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HPRB Approves McMillan Plans: New Renderings

by Shilpi Paul

HPRB Approves McMillan Plans: New Renderings: Figure 1

On Thursday, Vision McMillan Partners (VMP) received the go-ahead from the Historic Preservation Review Board to move forward with their master plan and building concepts for the redevelopment of the McMillan Sand Filtration site.

The HPRB voted unanimously to support the Historic Preservation staff report, which was largely supportive of the newest version of the plan. They offered supportive commentary on both the master plan and the individual buildings, with some targeted suggestions on how to improve upon specifics of the building designs.

“The latest version of the master plan represents a significant improvement over previous versions,” states the report. “Both individually and collectively, the revised concepts are dramatically improved, reflecting the high level of quality, cohesiveness, and distinctiveness that have been sought by the board.”

HPRB Approves McMillan Plans: New Renderings: Figure 2
Mixed-use building, north service court and medical building.

Earlier this month, we outlined some of the revisions to the plan here. The largest changes include greater cohesiveness between all the buildings in regards to materials and geometry, and the plan to rebuild the Olmstead Walk around the entire perimeter of the site. They are also now maintaining the 20 existing above-ground silos, and two of the underground cells.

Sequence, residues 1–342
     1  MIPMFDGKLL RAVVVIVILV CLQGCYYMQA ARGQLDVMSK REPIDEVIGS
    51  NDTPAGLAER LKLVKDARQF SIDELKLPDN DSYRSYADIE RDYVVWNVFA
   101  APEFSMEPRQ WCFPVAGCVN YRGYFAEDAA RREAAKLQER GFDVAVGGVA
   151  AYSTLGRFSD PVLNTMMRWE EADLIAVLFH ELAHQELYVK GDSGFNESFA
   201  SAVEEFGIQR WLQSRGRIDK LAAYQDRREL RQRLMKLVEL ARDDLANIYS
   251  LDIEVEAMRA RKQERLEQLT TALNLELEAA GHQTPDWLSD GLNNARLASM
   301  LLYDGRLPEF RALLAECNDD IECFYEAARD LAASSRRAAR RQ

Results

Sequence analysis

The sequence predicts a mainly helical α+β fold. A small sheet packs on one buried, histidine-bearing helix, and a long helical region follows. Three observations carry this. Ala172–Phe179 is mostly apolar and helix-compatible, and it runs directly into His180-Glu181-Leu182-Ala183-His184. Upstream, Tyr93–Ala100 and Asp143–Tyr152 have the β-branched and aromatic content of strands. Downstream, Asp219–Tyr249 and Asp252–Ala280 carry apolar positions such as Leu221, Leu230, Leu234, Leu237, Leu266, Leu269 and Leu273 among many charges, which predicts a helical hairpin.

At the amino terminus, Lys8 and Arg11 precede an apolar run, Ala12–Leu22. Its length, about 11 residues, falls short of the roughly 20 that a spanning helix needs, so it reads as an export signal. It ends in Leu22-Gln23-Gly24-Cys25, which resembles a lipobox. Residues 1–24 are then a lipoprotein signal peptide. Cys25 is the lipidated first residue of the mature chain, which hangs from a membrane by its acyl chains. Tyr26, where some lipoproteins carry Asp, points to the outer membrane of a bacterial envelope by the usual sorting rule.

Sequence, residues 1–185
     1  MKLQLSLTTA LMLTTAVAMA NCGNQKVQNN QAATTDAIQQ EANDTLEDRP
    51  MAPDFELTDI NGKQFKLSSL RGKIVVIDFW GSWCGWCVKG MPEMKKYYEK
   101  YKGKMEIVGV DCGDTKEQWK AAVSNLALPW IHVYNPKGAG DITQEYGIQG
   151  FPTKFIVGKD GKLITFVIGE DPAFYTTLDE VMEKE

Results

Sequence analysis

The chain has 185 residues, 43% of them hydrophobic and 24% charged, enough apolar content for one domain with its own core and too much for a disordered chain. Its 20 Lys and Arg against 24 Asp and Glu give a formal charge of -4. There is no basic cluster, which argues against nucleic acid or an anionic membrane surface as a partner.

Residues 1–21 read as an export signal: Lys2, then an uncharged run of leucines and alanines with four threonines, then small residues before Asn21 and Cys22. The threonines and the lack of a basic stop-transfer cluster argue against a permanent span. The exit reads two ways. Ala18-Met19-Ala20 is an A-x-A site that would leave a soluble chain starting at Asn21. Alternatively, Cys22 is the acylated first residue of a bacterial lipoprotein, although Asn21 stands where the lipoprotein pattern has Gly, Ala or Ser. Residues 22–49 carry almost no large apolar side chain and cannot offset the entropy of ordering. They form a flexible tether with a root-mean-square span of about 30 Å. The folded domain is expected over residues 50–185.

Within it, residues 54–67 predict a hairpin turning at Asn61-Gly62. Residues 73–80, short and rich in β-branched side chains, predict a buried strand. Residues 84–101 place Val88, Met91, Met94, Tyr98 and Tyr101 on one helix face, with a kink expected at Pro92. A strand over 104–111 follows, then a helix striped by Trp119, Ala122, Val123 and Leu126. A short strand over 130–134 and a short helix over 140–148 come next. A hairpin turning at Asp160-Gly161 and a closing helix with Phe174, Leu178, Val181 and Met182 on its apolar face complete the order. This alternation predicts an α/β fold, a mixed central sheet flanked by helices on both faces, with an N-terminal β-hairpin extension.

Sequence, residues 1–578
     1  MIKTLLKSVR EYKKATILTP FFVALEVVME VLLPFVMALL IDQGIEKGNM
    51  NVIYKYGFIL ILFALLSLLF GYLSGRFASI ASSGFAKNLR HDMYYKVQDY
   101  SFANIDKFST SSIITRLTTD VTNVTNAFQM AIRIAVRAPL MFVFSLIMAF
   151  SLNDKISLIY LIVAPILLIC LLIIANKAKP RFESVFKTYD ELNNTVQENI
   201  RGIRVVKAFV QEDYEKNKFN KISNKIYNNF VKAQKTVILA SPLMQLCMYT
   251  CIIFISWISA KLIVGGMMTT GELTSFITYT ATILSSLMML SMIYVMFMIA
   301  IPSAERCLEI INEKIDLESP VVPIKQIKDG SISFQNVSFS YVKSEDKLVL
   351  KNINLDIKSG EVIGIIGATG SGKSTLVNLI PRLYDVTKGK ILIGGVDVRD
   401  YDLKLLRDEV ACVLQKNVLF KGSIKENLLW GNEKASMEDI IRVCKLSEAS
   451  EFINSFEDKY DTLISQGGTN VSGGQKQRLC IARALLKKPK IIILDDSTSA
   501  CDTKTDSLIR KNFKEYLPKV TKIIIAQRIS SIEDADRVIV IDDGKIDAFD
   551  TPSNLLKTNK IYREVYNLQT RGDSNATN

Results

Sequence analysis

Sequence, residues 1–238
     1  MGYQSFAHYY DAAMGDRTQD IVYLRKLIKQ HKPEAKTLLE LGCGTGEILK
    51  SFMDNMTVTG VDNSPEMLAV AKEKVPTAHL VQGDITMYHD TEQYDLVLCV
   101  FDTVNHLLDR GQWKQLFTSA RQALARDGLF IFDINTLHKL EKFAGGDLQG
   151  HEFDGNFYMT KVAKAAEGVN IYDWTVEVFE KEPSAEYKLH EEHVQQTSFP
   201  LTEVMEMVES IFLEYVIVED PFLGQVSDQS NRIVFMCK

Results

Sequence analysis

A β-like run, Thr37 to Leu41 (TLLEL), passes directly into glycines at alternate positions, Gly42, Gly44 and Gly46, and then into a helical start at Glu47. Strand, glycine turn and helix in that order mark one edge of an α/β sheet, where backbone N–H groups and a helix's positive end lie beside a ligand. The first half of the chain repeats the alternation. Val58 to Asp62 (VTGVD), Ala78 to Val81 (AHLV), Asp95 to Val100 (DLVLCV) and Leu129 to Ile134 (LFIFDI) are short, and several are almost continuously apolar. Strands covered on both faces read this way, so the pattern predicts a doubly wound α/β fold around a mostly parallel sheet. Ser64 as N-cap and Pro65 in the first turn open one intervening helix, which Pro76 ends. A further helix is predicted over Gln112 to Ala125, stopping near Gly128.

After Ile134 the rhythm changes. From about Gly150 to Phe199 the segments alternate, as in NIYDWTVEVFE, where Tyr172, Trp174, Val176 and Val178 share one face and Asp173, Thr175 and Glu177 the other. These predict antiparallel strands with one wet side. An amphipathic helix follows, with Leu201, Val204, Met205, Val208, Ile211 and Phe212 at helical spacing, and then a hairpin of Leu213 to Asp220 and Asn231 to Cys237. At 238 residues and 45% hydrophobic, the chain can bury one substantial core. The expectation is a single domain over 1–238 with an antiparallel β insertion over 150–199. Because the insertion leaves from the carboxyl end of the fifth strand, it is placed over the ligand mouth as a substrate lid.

“You guys have done a much better job making this an attraction for both the surrounding residents and folks from outside the area and the city,” said Board member Charles Wilson.

Gretchen Pfaehler, the HPRB chair, applauded the increased uniformity and cohesiveness of the buildings. She, along with other HPRB members, felt that the black and white color differences were sometimes too stark, and advised the team to “take care” when selecting materials.

HPRB Approves McMillan Plans: New Renderings: Figure 3
Rowhouses and south service court

“We have generally agreed that it’s time for McMillan to be of use to the city and be redeveloped in some fashion,” said Board member Graham Davidson. “It’s time to bring this phase to a close and move on.”

VMP still has several approvals to gain.

Because the plans require significant demolition of the underground cells, and the extent of the demolition “is inconsistent with the purposes of the Historic Landmark and Historic District Protection Act,” according to the report, VMP must present their plans to the Advisory Council on Historic Preservation (ACHP) for a 30-day commentary period.

Pfaehler recommended that VMP prepare clear documentation of the scope, schedule and cost of the restoration of the historic elements for the ACHP.

From there, the developers will present their PUD to the Zoning Commission, and will meet with the Mayor’s Agent to “make a case that the redevelopment represents a project of special merit.” According the PoPville, they hope to start construction next summer.

A fly-through video and more renderings below:

HPRB Approves McMillan Plans: New Renderings: Figure 4
Mixed-use building and north service court

HPRB Approves McMillan Plans: New Renderings: Figure 5
Community Center and park

HPRB Approves McMillan Plans: New Renderings: Figure 6

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See other articles related to: mcmillan redevelopment, mcmillan, bloomingdale